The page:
How to observe Ursids, the last meteor shower of the year!

silhouette man in the dark with starsStill smoky hypotheses attribute the Ursid meteor shower to the comet Tuttle. 

The last meteor shower of the year, will sail our skies in the second half of December 2019. That’s how to observe Ursids.

Ursids’ main features

With a ZHR of 10, therefore not very high, we are preparing to witness the latest meteoric phenomenon of the year. We are talking about the shooting stars known as “Ursids“. Starting from the constellation Ursa Minor and in particular from its beta star, Kochab, we will be able to admire in the northern skies of December, in an hour about 10 meteors cross the sky. The light trails, under dark skies and without illuminations, will be visible through the entire sky.

So less intense than the Geminid “sisters”, the shooting stars protagonists of the first half of December, who literally enchanted us, despite the presence of the full Moon.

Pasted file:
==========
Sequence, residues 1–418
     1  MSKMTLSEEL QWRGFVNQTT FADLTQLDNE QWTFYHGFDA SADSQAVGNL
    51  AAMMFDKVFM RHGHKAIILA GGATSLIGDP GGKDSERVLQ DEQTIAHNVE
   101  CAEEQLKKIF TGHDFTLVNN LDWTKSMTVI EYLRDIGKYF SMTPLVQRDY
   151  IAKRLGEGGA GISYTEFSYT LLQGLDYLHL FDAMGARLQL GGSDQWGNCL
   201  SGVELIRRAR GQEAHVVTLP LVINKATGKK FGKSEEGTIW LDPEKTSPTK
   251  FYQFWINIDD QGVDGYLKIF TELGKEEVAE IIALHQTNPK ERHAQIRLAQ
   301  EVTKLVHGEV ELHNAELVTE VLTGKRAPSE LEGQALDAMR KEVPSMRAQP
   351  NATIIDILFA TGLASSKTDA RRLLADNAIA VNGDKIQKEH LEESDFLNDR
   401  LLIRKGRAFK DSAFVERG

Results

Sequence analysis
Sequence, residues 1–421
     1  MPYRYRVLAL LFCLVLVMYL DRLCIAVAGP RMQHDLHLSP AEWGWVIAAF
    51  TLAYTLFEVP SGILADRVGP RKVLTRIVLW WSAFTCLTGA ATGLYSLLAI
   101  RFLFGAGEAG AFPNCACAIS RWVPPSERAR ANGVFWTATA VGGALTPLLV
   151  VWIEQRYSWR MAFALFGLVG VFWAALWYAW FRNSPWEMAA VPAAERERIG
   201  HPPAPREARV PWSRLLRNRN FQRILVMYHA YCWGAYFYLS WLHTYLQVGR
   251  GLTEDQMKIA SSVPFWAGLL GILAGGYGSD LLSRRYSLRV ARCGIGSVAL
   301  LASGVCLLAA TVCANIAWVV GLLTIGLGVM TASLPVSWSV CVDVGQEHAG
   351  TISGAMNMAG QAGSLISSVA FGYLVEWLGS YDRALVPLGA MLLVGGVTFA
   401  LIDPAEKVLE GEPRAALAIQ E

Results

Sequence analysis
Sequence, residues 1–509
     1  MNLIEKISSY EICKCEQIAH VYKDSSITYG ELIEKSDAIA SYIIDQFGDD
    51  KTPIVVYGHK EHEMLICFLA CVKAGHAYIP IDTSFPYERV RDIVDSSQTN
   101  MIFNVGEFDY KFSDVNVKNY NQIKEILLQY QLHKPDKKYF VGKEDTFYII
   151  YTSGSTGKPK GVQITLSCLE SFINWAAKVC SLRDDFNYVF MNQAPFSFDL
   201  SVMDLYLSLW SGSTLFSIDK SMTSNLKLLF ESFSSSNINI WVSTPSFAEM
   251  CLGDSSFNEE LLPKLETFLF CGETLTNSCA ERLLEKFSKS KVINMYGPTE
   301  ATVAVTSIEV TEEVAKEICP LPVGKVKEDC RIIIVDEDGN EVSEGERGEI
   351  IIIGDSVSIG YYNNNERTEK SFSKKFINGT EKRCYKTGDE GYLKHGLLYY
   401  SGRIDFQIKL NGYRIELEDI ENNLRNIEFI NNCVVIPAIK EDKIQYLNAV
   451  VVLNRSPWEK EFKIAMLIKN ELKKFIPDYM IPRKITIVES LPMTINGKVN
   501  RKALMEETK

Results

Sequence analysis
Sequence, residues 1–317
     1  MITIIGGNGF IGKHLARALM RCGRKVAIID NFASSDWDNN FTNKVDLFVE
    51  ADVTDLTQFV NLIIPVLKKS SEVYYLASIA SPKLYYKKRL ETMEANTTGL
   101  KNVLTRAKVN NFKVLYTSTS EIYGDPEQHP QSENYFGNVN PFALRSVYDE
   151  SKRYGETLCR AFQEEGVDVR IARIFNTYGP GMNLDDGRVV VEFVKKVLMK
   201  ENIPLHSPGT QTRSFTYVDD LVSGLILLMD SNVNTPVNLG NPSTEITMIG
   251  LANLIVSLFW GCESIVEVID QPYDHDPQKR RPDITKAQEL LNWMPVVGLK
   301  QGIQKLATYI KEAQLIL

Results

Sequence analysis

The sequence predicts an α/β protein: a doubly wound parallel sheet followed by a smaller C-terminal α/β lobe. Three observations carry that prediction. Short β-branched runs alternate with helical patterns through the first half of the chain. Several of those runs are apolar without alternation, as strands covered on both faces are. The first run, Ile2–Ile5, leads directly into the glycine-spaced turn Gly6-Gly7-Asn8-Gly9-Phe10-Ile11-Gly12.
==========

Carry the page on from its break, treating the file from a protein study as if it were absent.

The vision of the Ursids will therefore be characterized by the absence of moonlight. It will allow us to observe them at the best.

ursa minor constellation
The Ursa Minor constellation.
Source: Wikipedia

The Ursids owe their name to the portion of the sky from which they seem to originate: the constellation Ursa Minor. The main feature of the end-of-year meteors is that they have a particularly narrow, compact flow. Their “action” is visible from 16-17 December until 26-27 December, with a peak in the night between 22 and 23.

Controversial origin

The wakes are supposed to have originated from the remains of the comet Tuttle. However the hypothesis is still smoky despite numerous studies carried out on the comet. This has an orbital period of 13.5 years. Periodically therefore would leave residues that the Earth passes through, giving rise to the phenomenon of falling stars.

How to observe Ursids

Under dark skies, devoid of artificial illuminations, the visible meteors will be about 10 every hour. In the past, the ZHR, therefore the number of light trails visible in an hour has undergone changes up to 50-100.

Hoping in good weather, the night of greatest visibility of the shooting stars will be between 22 and 23 December. However, even on previous and subsequent evenings we will be able to witness the phenomenon, thanks also to the absence of the full Moon. Therefore, telescopes or binoculars will not be necessary, on the contrary. Their field of vision is very limited therefore not suitable for observing meteors. We therefore recommend comfortable and warm clothing and to move away from city lights whenever possible.

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